Accra, Nov. 22, GNA - Christmas is a season of peace on earth and goodwill as Christians all over the world gather to celebrate the birth of Jesus Christ.
It is also the season of excess shopping, buying gifts for loved ones and self-pampering.
However, with barely a month to Christmas, some businesses have been experiencing disappointing Christmas sales while others have seen an increase in patronage, a Ghana News Agency (GNA) Christmas shopping survey in some parts of Accra, has revealed.
“We are not having a hectic time, sales are just okay,” said Mr Innocent Amuzu, the Sales Manager of Kuuks Mart.
The same sentiment was echoed at the Grace Services at Makola, with the Sales Clerk, Madam Naa Adoley, saying, home appliances such as refrigerators and microwaves were selling fairly well.
When the GNA visited Kids World at East Legon, it was noticed that sales of children’s toys and cars were booming.
The Shop Attendant, Mr Ishmeal Ofori said, sales of toys had been extremely good.
"Last year we had COVID-19 so sales were not as good as this year,” he said.
At Thoughts and More gift Shop at Westland, a shop attendant, Angel Adzo, told the GNA they had not had many customers for Christmas yet but was hopeful that coming weeks would be different.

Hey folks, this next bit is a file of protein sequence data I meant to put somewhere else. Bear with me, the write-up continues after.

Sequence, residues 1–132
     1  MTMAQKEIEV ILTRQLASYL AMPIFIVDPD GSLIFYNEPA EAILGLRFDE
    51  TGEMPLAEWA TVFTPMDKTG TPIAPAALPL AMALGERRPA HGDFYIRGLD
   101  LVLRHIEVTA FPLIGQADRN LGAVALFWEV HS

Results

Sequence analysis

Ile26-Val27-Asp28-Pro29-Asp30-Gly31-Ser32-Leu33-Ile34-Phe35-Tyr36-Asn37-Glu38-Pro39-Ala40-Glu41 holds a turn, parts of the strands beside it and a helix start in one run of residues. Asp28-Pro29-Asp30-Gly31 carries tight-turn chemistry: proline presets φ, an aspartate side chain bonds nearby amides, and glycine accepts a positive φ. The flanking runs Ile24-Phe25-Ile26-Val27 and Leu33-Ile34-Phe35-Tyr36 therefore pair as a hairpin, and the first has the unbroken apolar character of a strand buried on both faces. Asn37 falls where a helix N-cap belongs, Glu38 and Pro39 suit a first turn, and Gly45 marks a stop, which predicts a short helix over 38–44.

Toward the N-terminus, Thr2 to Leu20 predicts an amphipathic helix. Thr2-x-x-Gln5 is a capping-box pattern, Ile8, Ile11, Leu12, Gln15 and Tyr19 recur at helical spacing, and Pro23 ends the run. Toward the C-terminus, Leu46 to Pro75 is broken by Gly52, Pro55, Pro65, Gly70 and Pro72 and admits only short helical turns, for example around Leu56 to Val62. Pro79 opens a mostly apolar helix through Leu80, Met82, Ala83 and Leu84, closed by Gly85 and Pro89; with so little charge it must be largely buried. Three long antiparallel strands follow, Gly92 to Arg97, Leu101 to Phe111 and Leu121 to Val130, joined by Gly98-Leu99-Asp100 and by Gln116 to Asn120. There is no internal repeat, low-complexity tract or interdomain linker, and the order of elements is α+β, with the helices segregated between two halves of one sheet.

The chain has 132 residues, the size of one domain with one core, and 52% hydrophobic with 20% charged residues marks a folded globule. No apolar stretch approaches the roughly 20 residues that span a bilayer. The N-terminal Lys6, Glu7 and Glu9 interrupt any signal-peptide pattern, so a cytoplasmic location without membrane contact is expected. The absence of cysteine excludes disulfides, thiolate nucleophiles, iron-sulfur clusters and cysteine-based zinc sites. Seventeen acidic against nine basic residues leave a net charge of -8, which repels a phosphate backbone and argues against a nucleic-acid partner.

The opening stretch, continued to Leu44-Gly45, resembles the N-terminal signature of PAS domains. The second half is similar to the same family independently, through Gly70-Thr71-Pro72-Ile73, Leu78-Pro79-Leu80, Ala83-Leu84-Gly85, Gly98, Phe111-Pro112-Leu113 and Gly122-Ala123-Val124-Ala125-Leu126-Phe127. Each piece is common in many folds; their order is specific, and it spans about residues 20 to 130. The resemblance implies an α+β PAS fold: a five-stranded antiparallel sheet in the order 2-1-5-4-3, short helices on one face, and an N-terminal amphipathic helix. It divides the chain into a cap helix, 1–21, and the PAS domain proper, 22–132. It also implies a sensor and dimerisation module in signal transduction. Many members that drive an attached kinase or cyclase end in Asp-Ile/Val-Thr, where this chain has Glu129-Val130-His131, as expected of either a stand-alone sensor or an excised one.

Meanwhile, her neighbour Mary Asou, who runs a hairdressing salon, was seen by the GNA to be quite busy as there was an upsurge of clients who wanted their hair fixed for events on their calendars and special occasions.
At the Hair Port Saloon at Ashongman Estate, the parlour was fully booked, about a month to Christmas, the Manager told the GNA.
Fashion boutiques like Woodin Ghana and laylas_ gh_ closet also recorded increase in clientele shopping for the yuletide.
While some businesses think the coming weeks would be more profitable because customers tend to shop at the last minute and most people would have received their salaries, Madam Emelia Agyei, a vegetable seller at Tema Station was not optimistic about what was to be expected.
She told the GNA that patronage of commodities had been low compared to last year during the same time even when there was COVID-19.